Lynne Owens to step down as head of UK National Crime Agency
After five years at the agency tackling organised crime, she is leaving to focus on treatment for breast cancer
The head of the UK’s National Crime Agency (NCA), sometimes described as Britain’s FBI, is stepping down to focus on her treatment for cancer.
Dame Lynne Owens announced her intention to retire as NCA director general on Friday, after 32 years of service to law enforcement.
The former chief constable of Surrey police, who has overseen considerable change at the NCA, which tackles organised crime gangs, was diagnosed with breast cancer in the summer and recently received treatment.
In a statement, she said: “Following the treatment I received for breast cancer in the summer, the prognosis remains entirely positive and I have recovered from the initial surgery well. However results indicate, and the medical team advise, that I now require more extensive surgery (a mastectomy).
“While back at work I am mindful that I have recently been away from the agency for almost four weeks, and the next stage will require a more extended period of absence.
“Throughout my service I have sought to focus on our responsibilities to the public and those I lead before myself and I cannot, with integrity, conclude that it is in the interests of the agency to leave it with such uncertainty in leadership.
“Similarly, I recognise I need to create the time and space to heal physically and emotionally without the self-imposed pressure to return. I do not feel that my working life is over and I hope to contribute again in the future.”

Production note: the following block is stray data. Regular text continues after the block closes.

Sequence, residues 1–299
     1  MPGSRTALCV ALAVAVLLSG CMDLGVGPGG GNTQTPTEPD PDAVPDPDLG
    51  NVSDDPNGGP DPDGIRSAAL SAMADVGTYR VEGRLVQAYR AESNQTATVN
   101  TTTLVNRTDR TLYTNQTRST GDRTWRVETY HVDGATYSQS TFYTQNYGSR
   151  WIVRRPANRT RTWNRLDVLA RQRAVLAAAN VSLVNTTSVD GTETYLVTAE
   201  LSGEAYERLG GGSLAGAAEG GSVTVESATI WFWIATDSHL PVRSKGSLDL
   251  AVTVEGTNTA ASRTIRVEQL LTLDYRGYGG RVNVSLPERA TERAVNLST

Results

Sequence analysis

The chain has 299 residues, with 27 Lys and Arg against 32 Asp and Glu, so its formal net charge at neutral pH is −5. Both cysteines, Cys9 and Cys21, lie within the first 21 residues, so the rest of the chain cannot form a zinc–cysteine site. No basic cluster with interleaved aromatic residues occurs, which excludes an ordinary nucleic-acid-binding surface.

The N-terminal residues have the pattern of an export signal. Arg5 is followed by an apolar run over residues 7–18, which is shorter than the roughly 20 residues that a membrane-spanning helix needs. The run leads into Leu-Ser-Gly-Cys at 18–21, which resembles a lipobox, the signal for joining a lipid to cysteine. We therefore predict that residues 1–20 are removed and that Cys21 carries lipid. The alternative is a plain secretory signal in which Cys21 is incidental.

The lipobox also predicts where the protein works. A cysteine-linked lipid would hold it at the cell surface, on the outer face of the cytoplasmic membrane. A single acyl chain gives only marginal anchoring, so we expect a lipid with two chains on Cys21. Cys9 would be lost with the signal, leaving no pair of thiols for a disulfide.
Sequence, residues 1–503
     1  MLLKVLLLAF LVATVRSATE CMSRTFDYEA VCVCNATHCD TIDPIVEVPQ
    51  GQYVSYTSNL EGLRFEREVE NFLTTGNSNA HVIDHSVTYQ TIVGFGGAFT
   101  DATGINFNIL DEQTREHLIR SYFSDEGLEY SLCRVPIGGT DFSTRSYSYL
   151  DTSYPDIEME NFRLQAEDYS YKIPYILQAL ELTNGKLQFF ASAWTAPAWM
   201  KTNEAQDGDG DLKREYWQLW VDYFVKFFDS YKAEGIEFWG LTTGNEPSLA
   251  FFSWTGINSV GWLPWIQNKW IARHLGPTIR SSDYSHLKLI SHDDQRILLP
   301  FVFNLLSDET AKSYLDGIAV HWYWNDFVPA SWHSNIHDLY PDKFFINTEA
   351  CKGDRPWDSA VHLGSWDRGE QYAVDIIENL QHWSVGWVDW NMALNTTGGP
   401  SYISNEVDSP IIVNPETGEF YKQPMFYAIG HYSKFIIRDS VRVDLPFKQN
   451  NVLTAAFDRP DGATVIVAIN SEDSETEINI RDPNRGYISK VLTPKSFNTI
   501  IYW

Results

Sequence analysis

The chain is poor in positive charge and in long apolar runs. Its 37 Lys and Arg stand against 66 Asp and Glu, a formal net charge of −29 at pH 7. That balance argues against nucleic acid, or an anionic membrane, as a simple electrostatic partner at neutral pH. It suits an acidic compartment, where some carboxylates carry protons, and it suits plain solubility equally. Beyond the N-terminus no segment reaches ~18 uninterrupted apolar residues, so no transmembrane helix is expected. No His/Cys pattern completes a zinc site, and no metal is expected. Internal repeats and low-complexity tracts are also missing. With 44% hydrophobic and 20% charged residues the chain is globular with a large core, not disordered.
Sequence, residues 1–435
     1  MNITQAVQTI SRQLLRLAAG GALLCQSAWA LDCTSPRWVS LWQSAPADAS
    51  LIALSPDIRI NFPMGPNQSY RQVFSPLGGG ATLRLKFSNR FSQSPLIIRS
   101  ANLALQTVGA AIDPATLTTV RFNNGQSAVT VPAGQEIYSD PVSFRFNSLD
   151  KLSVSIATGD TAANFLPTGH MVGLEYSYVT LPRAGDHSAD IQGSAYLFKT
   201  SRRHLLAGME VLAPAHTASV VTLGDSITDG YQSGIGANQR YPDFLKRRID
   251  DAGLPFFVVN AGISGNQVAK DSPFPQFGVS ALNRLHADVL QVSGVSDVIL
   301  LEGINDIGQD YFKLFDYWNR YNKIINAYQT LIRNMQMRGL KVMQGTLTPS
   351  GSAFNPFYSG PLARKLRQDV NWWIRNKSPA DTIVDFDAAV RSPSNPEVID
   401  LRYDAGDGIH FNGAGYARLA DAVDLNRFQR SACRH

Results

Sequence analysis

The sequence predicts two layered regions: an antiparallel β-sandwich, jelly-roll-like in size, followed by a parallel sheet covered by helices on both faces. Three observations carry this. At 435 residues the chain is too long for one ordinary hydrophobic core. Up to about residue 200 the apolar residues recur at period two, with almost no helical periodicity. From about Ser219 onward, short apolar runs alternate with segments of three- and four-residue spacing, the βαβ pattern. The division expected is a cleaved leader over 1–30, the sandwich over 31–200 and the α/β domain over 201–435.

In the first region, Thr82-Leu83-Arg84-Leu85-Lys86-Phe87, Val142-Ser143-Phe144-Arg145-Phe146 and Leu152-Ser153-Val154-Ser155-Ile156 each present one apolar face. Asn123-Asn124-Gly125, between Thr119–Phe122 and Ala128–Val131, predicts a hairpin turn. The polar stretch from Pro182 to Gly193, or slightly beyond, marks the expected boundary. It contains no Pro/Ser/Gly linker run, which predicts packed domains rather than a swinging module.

She has led the agency since January 2016 after a career that spanned three police forces, starting in 1989 when she joined the Metropolitan police as a constable.
In the last financial year, the NCA had an almost 40% increase in disruptions, which are when intentional activity leads to an organised crime gang (or individual) being unable to operate at its usual level of activity, compared with the previous year.
Owens was made a dame in the new year’s honours this year for service to law enforcement.
In her statement she said: “There is no doubt in my mind that the National Crime Agency will continue to go from strength to strength. Our outstanding officers work tirelessly to protect the public from serious and organised crime, sometimes in the shadows and with a contribution that is less visible to the public eye.
“We have worked hard to share some of our superb results and I know that the UK; its citizens, communities and businesses are safer as a result of their actions both here and abroad. I am so proud of them and all they do.”
An interim director general would be appointed by the home secretary as soon as possible, who would lead the agency while a substantive successor to Owens was appointed through a competitive recruitment process, the NCA said.